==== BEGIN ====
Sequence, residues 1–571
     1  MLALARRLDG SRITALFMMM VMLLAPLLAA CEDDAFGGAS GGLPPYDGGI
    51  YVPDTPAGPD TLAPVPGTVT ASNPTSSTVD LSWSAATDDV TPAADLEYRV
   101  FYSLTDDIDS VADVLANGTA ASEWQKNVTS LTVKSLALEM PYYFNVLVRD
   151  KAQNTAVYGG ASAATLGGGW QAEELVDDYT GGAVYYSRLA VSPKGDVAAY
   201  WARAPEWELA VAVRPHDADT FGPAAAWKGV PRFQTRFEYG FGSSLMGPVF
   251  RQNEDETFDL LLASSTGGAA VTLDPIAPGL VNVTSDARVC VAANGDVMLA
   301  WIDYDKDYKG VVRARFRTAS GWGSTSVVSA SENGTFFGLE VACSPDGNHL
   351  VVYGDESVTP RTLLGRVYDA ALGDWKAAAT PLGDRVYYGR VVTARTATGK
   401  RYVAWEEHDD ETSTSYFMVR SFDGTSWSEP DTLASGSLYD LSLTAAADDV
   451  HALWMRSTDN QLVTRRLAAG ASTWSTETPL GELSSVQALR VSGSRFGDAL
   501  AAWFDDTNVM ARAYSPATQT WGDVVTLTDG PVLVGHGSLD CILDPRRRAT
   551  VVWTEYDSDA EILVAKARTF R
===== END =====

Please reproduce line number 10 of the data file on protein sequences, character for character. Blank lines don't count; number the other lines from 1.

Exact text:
   401  RYVAWEEHDD ETSTSYFMVR SFDGTSWSEP DTLASGSLYD LSLTAAADDV